Hobron Lai Residence Historic Renovation
Architect/Designer: Louis K. Fung, AIA
Interior Designer: Tonia Moy, AIA
The Hobron Lai Residence, a Colonial Revival style residence built in 1916, was a major renovation and addition project in the Pacific Heights area of Hawaii. It was one of the first residences in Pacific Heights and has been renovated several times over the years with alterations that were not sympathetic to the original Colonial Revival Style.
The owners contemplated tearing down and starting anew (which would have been approximately the same cost), but they were very attached to this house as one had come to live here every winter vacation since he was a young child. Therefore, they decided to keep and rehabilitate the house.
The house was neglected for many years and severely needed a face lift as well as structural reinforcement. Fung Associates Inc. was hired to research on the historic significance of the property and repair and renovate the house to meet the owner’s needs while complying with historic guidelines. Fung Associates Inc. was also retained to do renovation work on the guest house, built in the 1970s, which was not consistent with the design of the Colonial Revival style main house.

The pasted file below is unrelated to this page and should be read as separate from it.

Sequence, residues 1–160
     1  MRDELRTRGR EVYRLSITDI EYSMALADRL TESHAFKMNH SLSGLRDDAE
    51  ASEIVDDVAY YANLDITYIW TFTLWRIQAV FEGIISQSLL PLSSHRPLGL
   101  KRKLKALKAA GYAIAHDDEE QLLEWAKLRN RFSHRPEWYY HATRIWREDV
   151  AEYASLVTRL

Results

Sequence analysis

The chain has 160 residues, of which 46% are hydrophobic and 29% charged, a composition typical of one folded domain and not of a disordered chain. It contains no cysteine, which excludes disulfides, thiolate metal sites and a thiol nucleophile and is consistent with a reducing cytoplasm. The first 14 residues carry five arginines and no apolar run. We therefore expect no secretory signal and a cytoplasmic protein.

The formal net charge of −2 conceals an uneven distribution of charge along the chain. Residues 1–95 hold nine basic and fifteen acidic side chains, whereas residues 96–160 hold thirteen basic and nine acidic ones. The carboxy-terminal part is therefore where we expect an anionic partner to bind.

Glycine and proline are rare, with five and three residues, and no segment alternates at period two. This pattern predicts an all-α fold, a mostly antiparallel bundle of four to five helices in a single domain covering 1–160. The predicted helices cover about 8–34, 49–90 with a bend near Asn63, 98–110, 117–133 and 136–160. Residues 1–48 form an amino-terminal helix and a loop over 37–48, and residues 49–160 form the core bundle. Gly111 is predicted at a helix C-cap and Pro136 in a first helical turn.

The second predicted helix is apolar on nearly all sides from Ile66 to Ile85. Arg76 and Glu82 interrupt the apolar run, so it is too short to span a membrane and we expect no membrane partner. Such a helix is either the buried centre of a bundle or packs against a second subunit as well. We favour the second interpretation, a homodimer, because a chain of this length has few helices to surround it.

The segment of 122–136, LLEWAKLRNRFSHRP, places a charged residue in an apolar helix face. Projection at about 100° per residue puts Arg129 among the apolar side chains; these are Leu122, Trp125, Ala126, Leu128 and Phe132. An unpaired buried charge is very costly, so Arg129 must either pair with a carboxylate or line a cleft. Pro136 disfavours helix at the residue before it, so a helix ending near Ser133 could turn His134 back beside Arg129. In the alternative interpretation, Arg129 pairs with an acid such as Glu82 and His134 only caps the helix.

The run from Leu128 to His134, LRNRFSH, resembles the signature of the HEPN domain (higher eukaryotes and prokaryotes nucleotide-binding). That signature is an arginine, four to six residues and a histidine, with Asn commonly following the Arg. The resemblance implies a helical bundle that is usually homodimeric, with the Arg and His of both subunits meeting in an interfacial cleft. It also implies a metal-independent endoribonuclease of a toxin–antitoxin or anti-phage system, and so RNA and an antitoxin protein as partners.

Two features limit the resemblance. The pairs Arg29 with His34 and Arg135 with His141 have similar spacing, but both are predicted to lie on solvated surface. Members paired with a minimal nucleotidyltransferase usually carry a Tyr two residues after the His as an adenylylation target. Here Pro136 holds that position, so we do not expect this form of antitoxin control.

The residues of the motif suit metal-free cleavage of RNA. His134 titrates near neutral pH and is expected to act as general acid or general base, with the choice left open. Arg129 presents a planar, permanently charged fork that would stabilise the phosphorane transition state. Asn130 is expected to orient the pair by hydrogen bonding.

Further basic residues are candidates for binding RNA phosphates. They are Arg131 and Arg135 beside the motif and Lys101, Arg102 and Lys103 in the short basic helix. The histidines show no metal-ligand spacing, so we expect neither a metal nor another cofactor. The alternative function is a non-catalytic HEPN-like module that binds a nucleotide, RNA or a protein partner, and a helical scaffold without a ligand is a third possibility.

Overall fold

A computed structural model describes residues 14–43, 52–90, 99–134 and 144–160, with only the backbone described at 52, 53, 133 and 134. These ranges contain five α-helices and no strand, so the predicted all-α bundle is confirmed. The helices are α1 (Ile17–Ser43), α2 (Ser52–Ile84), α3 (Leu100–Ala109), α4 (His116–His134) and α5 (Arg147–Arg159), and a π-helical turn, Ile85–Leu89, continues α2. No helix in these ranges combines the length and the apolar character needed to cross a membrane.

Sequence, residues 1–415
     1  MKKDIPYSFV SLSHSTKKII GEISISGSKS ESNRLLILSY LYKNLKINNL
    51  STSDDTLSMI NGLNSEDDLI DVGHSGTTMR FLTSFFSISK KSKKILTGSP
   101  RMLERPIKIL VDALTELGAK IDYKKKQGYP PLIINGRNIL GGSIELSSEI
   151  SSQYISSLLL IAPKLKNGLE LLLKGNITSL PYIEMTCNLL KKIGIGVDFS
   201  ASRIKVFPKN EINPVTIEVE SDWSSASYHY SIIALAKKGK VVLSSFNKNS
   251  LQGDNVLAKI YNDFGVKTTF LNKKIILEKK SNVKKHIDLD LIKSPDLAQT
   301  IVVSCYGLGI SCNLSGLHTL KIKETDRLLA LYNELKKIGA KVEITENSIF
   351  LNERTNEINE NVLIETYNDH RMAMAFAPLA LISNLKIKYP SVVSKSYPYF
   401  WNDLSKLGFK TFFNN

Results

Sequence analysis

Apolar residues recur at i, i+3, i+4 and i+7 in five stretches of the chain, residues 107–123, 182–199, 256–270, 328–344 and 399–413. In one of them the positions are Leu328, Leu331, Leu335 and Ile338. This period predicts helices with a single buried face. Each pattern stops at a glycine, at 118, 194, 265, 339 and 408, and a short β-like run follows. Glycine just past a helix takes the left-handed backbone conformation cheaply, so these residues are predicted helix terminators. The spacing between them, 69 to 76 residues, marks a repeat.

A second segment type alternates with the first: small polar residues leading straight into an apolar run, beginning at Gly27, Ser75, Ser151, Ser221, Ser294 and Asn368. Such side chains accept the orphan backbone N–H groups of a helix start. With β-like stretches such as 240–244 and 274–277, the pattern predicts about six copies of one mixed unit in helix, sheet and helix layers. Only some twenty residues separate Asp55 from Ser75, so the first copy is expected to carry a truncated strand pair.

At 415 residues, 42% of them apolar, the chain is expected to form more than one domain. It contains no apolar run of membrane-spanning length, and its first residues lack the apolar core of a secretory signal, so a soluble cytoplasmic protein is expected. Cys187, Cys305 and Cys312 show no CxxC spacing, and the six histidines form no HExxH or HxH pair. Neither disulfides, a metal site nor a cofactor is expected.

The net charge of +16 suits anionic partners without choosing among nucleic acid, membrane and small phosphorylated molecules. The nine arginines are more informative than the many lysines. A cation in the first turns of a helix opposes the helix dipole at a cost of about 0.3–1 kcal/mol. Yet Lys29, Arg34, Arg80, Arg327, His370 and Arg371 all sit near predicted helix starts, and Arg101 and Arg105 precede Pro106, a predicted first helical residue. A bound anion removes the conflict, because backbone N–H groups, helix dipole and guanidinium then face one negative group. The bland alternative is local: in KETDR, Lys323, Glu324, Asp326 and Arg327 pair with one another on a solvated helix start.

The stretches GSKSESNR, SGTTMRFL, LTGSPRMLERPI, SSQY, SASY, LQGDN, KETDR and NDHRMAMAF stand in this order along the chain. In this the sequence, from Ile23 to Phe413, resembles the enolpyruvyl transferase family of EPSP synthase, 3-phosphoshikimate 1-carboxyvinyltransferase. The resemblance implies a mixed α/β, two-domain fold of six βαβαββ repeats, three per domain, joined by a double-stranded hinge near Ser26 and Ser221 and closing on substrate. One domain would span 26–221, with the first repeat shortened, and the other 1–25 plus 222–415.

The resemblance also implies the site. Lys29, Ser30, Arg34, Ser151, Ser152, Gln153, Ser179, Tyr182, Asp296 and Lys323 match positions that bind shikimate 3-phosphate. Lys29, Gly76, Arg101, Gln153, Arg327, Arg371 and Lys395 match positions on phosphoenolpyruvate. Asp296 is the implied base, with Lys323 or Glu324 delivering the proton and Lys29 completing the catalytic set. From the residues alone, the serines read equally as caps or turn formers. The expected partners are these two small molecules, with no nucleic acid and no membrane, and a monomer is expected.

A garage with exercise room was added above site to help define the pool deck area and allowed for the inclusion of a residential elevator. All windows were restored on the main house and any new or replacement windows either matched the existing windows or were in the new part of the house.
Due to rotting wood the Diamond Head/Makai corner of the house was sinking. Renovation work was done to rehabilitate it to its original form. There was no change in any of the floor plans except for the kitchen which was re-arranged from its 1950-1980s renovations and added to in the rear of the house with the utility room.
Additional creative solutions include the use of an old oven chase for the new AC ducts and the use of a treble clef speaker for the doorbell. The final design ensured all the 1970s kitchens and bathrooms were renovated while keeping with the historic character of the existing main house. As some of the 1950s additions had character defining features, such as the windows seen in the dining room, the breakfast nook, and the treble clef vent, these features were kept as they contributed in their own right yet did not take away from the overall Colonial Revival character.